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CARB Regulations: A Financial Challenge for Owner-Operators

CARB Regulations: A Financial Challenge for Owner-Operators

California Carb

I got my commercial driver’s license (CDL) in 2005. I was a company driver for a year and a half before I purchased a truck and started my own business in 2006—just before California Air Resource Board (CARB) regulations existed. At the time I had no way of knowing how the regulations would one day affect my business.

The role of owner-operators in today’s world is challenging enough without the added regulations of the CARB. To stay compliant, these regulations add a large financial burden on owner-operators. It often requires updating current equipment or purchasing entirely new equipment.

I paid off my truck in 2010. In order to stay compliant with CARB regulations, however, I needed to either purchase an $18,000 diesel particulate filter for my current equipment or buy a compliant tractor (from 2009 or newer). I chose to purchase a used 2009 tractor, which I will pay for over the next five years. As I operate a temperature controlled trailer, I had additional expenses to consider. My 2004 trailer was not also non-CARB compliant—it missed the cut off by one year—therefore, I had to pay an additional $6,000 for a particulate matter filter to bring my trailer up to standard.

Beyond the financial aspect, understanding the CARB regulations is a complex and sometimes confusing issue. CARB consists of four separate regulations—each with a different implementation date. Finding out which ones apply to your business can be frustrating. Luckily, there are resources available to help answer your questions. In fact, the best resource I have found is The Truckstop, a website offered by the state of California for diesel truck information.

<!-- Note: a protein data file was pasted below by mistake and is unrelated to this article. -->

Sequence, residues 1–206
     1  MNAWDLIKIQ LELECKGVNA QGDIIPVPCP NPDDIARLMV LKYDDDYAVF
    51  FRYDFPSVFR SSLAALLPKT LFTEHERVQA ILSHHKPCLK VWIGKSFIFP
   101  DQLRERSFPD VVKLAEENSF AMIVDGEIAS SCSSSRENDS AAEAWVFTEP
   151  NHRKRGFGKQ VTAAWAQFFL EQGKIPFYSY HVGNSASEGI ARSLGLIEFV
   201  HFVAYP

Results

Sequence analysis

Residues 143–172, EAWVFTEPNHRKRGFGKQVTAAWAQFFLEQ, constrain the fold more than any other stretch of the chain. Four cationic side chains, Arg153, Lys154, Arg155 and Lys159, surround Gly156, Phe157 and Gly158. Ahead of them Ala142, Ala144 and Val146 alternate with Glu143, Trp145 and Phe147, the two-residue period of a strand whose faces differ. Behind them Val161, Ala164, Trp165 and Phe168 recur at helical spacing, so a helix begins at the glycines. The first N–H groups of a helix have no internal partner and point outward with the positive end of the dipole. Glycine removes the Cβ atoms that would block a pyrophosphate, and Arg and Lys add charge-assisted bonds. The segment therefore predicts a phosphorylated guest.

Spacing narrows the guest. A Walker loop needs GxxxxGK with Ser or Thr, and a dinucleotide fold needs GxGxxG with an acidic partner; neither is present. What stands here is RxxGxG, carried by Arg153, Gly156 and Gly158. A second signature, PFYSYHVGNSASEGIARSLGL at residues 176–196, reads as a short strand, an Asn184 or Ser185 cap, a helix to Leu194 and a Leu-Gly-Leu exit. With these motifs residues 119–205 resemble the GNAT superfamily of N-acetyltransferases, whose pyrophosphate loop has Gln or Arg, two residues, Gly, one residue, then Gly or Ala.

Owner-operators based in California have two choices when it comes to CARB regulations: pay whatever it takes to stay compliant or go out of business. Small trucking companies and owner-operators located outside of California have the option of avoiding loads in California. However, this can be difficult if you are located in a nearby region. Larger companies that are able to lease equipment for five years are least affected financially, as the equipment is always being updated and will be better able to meet changing regulations.

If I had been able to predict how costly the CARB regulations would be for my business, I may have done things differently. Unfortunately, I do not see any changes in the near future—except for the reduction and possible elimination of small trucking companies in and around California.

I’ve made my choice. I do my best to keep my equipment updated and just keep trucking through the obstacles CARB regulations cause. I would love to hear how the CARB regulation have impacted you, whether you’re an owner-operator or trucking company, large or small. Please leave your comments below.

- Owner, Bajwa Trucking


Donnie Eimen

I have had my cel since 1986. In 2009 I started my own business.at the beginning of 2013 I bought a newer 2011 truck because my 1994 would have to be scraped at the end of 2014. I constantly have emission problems. Check engine light comes on, on the average once a month. Already had newer truck on the tow because of engine deflate. Never once had my 94 on a tow, and I drove it since 1996, then purchased it when I started in 2009. My maintenance costs are so much more than when I started, and are already more this year than last. Makes me wonder if I will stay in business for myself, or go back to punching the clock for the man. I sure love be my own boss, don't I really don't want to spend all my profits to keep CARB happy.



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